If you’ve just learned that you or a loved one has a metabolic muscle disorder, you’re probably both relieved and concerned. That’s how I felt when I learned at age 27 that I have phosphorylase deficiency, or McArdle disease.
It was a great relief to have a name and an explanation for a problem I’d had since early childhood. Knowing that my disease is rare and hard to diagnose helped me understand why I’d spent so many years believing I needed to “try harder,” but only feeling weaker when I did. It was a relief to know that I wasn’t “lazy” and wasn’t the only one with this problem.
But getting a diagnosis also raised some questions.
What treatment was there? Would my symptoms get worse? Did the disease affect more than my voluntary muscles? How could I avoid episodes of weakness? Would my children have the same disease?
All those questions are addressed on the Muscular Dystrophy Association website. MDA offers information and support that will help you move from self-doubt to self-management of your metabolic disorder.
You can, to a great extent, manage your disorder and minimize some of the serious effects. I’ve learned how to say no to activities that could do harm. I’ve learned to watch for signs of muscle breakdown so I can avoid kidney failure. I know what treatment I need in case of an emergency.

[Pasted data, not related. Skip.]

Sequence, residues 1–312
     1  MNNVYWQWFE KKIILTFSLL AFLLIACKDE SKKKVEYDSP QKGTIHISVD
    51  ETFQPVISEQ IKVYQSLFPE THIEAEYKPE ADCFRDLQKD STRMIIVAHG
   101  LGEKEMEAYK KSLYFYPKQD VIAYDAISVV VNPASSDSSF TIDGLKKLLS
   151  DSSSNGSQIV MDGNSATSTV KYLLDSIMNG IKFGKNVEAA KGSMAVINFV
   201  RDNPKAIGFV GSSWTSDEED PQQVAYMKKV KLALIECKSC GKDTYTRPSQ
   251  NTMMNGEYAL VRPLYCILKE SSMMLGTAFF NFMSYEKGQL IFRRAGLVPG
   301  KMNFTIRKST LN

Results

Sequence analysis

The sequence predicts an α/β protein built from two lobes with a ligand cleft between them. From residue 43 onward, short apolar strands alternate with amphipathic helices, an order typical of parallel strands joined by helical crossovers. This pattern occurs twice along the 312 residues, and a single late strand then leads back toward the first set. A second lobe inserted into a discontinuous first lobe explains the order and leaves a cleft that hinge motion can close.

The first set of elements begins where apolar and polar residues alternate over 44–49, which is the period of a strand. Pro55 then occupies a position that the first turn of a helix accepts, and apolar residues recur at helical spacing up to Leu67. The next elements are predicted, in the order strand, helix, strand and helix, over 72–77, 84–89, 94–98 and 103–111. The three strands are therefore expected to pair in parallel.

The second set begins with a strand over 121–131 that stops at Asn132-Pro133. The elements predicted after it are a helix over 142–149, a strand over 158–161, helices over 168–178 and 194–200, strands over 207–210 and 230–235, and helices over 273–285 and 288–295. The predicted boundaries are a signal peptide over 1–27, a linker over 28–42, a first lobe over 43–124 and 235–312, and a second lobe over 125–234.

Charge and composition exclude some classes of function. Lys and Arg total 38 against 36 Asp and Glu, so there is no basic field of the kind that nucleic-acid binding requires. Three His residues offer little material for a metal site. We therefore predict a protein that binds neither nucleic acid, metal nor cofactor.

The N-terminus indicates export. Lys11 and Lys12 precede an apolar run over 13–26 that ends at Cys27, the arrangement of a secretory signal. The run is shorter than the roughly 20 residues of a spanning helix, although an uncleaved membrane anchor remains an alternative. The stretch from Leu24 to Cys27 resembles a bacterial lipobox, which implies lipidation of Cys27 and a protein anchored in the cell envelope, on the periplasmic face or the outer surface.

Metabolic muscle diseases affect each person differently, but for most of us, it doesn’t limit our lives as much as you may fear.
I’m 50 now and live a very active lifestyle. My life is full and rewarding with my beautiful wife and children. I work full time as a human resources professional, and spend my spare time camping and doing the activities I enjoy.
Those whose metabolic muscle disease is more disabling will find much support today. Federal laws guarantee your right to a public education, equal employment opportunity and access to public places. Technology makes it possible for many people to perform work that’s suited to their levels of ability and health.
Part of maintaining a healthy lifestyle is learning about your metabolic muscle disease. I take care of myself by avoiding injury, eating healthy and visiting the doctor regularly. Meeting other people with McArdle disease, participating in medical research and talking to doctors have helped me take control of my life. Learning more about your disease is just the beginning of your journey.
MDA offers many great services and supports, and the Association’s scientists are making great progress in understanding metabolic diseases and finding treatments for them. We all pray for the day when no one has to go through the physical and emotional pain that these diseases can cause.
This website will give you the basic facts about your metabolic muscle disease, and MDA will help you answer all your questions as they arise. As you face the challenges ahead, please remember that you’re not alone.